The Muppets

Mahna Mahna

Reminiscing aside, James Bobin and Jason Segel’s 2011 The Muppets is not so much a reboot as it is a long-time-coming sequel.  The film, featuring the classic Muppets mix of celebrity cameos, witty humor, and bold self-awareness, manages to deliver one of the best Muppets stories in the series, not quite rivaling Muppet Treasure Island or The Great Muppet Caper, but a close third, and the motley cast of live actors (who may never have shared the screen otherwise) occasionally let slip a pining, glowing expression, as though just realizing they’re onscreen with characters they watched as children.

The story follows Gary (Segel) and Mary (Amy Adams), as they travel to Los Angeles for their tenth anniversary.  Gary brings his brother, Walter, who looks (and grows) like a Muppet.  How they are biologically related is never explained.  Walter, a lifelong fan of the Muppets, dreams of visiting the Muppet studio, but soon learns that not only have the Muppets not put on a show in years, but an “evil oil baron” aptly named Tex Richman (Chris Cooper) plans on demolishing the studio to reach the resources beneath.  The Muppet characters (Kermit, Miss Piggy, Fozzy, The Great Gonzo, and all the rest) band together for one last show, which they hope will raise enough money to save the studio and preserve their legacy.

Throughout the adventure (with musical numbers abound), everyone from Jack Black to Emily Blunt to Rashida Jones to Sarah Silverman appear (along with half the cast of NBC’s sitcom lineup), in roles of various sizes.  The Muppets themselves are juggled well in terms of screen time, with most of the focus on Kermit and Walter.  Statler and Waldorf (my personal favorites) prove once and for all that their cynical pseudo-gentlemen humor will hold up unto the latest days (“I always dreamed we’d be back at Muppet Studios.”  “Dreams?  Those were nightmares!”), and characters such as Rolf and Dr. Teeth and the Electric Mayhem get their due appearances (Animal even has his own side plot featuring an anger management group led by Kristen Schaal).  The film also features a group of bad-egg Muppet impersonators called “The Moopets,” who quickly antagonize themselves (Dave Grohl appears as their drummer, “Animool”).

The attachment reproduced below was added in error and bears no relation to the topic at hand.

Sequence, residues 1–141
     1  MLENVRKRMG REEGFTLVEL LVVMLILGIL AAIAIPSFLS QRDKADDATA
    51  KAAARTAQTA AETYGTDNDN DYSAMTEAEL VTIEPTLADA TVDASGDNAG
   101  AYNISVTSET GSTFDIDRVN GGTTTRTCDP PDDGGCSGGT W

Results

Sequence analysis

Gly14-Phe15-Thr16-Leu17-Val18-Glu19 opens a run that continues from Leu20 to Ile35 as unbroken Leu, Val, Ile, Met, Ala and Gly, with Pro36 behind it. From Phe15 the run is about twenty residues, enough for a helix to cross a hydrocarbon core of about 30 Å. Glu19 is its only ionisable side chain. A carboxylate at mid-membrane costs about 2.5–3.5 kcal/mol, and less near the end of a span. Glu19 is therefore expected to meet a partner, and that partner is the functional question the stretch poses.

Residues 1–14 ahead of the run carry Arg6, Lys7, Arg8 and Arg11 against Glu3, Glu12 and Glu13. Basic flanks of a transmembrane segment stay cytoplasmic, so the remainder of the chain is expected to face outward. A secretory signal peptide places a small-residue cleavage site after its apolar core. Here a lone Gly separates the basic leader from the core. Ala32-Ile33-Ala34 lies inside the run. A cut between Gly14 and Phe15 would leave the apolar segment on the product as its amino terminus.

The tale is fun, well-paced, self-conscious, and quite often very sweet.  My only gripe is that a musical film in which Jack Black and Neil Patrick Harris both appear doesn’t feature either of them singing.  Seems unforgivable, though it only occurred to me in retrospect.  Additionally, there is a serious deficiency of the always-hilarious Sam Eagle, though I understand how much they had to cram into this script, and Sam does make a brief appearance, so no foul.

For those born in the 80’s and before: don’t miss the end credits.  That’s all I can really say.

The Muppets (2011); written by Jason Segel and Nicholas Stoller; directed by James Bobin; starring Jason Segel, Amy Adams, Rashida Jones and Chris Cooper.

J. Edgar

Share the power

Perhaps my favorite thing about Clint Eastwood’s films is that they’re difficult to market.  Million Dollar Baby caused an ingrate-uproar when Maggie Fitzgerald turned out not to be a mirror image of Rocky.  Invictus was part political drama and part sports movie, and all I think of when I remember the film is my father inviting me to watch it with him, claiming “This is a pretty good movie” (a shining compliment from my father).  Hereafter had Matt Damon, beautiful women, and sci-fi elements, but Matt Damon didn’t fight anyone, there was no sex, and no aliens.  The American public can’t handle this.  In 2011, from the man who once acted in movies seemingly created for the sole purpose of marketing, comes J. Edgar, another biopic, this time concerning the life and career of the first Director of the Federal Bureau of Investigation.